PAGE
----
One of the key success drivers for the adoption of Cellular Agriculture (Cell Ag) is the sector’s regulatory landscape. Although the concept dates back to 1912, the regulations for Cell Ag are still evolving. Like every other food product, the source and method of manufacturing are evaluated before it reaches the consumer. Plant-based protein alternative companies like Impossible Foods and Beyond are already commercially available but cell-based food has yet to reach that level of progress.
Singapore’s regulations in Cellular Agriculture
The governing body overseeing the manufacture and sale of food products in Singapore is the Singapore Food Agency (SFA). SFA’s extensive guidelines already cover traditionally grown food and animal products ranging from rice to meat to beverages.They have carefully evaluated criteria which companies follow in order to register their products for sale and consumption.
Cell-based foods fall under the category of ‘Novel Food’ for which a set of guidelines were introduced by SFA in 2019. The label applies to foods that do not have the history of safe use but are chemically similar to naturally-occuring substances albeit produced through different technologies. Interestingly, plant-based foods do not fall under the ‘Novel Food’ category in Singapore as they are made from protein extracts from plants that are commonly consumed such as wheat, pea, rice, etc.
For food with a history of safe use (history of safe use refers to food products and ingredients that have been consumed by a significant human population, for more than 20 years without reported adverse effects on human health), SFA evaluates a number of criteria such as an ingredient’s length of use, quantity of consumption, intention of use and any evidence of adverse effects to human health. These information are validated against available resources including scientific literature, publications, cookbooks, and patents.
One major component of this assessment is that of safety on human health. For novel food in Singapore, SFA has put down guidelines for evaluation such as structure of compounds being produced, manufacturing methods, and performing microbiological and toxicological studies. Singapore also takes into consideration safety assessments being conducted in accordance with different authorities across the globe such as the USA’s FDA, the European Union’s European Food Safety Authority (EFSA), and global bodies like the World Health Organization and Food and Agriculture Organization.
SFA evaluates the manufacturing process of the cultured meat, cell line characterization which includes the source of cells, screening process of selecting the cells, expansion methodologies, and the modification made to the cell lines. These modifications are then further studied to establish safety and eliminate any risk it might cause to consumers due to genetic instability. SFA also requests reports such as how well the food product can be digested, if there are any toxic effects from the food product, and if they cause any allergies upon ingestion, etc.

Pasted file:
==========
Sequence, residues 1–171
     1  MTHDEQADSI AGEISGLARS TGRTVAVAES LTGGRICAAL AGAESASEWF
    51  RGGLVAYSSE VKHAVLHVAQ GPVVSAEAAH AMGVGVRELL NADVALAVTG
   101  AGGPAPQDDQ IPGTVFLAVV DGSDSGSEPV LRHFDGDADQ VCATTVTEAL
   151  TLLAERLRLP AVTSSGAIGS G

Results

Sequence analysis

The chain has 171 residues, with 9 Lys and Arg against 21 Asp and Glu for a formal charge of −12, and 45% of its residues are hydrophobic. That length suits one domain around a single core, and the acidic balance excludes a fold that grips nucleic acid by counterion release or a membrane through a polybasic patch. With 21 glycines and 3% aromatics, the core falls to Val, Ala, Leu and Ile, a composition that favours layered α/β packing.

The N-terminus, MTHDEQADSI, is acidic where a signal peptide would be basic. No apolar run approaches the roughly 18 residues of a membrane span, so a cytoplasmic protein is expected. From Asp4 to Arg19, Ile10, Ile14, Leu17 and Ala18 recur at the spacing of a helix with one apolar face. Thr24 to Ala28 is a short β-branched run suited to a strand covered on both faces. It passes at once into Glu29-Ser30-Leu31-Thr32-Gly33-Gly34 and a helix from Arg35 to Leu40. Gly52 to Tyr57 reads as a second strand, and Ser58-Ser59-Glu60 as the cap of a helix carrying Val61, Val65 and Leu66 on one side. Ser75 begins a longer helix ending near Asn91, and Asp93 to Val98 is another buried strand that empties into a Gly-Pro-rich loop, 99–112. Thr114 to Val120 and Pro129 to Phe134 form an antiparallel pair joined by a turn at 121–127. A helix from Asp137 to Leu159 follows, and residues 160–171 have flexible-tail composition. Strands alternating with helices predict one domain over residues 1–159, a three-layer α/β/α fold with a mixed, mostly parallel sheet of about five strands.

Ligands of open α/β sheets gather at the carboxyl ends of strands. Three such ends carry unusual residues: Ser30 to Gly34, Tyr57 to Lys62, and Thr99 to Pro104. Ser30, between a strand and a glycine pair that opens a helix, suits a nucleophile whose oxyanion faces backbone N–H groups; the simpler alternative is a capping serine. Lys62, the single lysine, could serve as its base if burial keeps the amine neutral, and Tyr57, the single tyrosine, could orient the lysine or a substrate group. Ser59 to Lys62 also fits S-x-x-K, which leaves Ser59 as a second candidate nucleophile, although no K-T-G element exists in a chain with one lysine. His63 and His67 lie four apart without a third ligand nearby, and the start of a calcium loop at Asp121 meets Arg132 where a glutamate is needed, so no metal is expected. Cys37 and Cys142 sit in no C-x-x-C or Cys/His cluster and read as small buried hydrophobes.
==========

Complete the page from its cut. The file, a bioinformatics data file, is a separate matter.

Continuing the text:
Once the cells have grown, SFA also recommends companies to produce evidence on whether or not the culture media they were grown in would be present in the final product. The final product also undergoes tests to check if there are any microbial contamination which could potentially cause harm to human health.
Regulations for cell-based milk
As for Cell-based milk, it could be a little different. Since it is a novel field even compared to cell-based meat, regulations are still evolving. Start-up companies in this space like TurtleTree play a key role in helping government agencies shape the guidelines for companies who wish to pursue this route further down the line.
In order to produce milk from cells, the cells would still be put in a cocktail of reagents mimicking the environment inside an animal to try and stimulate the cells to produce milk with a similar composition to mammal milk. Hence a majority of the tests done for cultured meat such as source testing the cells, assessing genetic stability, microbial testing, and cultured media testing would also be necessary. Cultured milk as a final product would not have cells in them.
A key difference is the genetic material present in the cells are not directly ingested by a consumer, so agencies may base the safety evaluation of the final product on bio-equivalence. For now, mammalian milk from the animal is the benchmark when evaluating the composition and concentration of different components like protein, fats, and carbohydrates.
It would be interesting to see which other nation would be next in line after Singapore to accept Cell Ag as one of the alternative sources to that of traditional agriculture and farming. This would also tell us how regulations evolve and change from nation to nation. For now, we wait, watch, and be in constant conversations with our regulators to see how we can keep driving the Cell Ag and cell-based milk industry forward!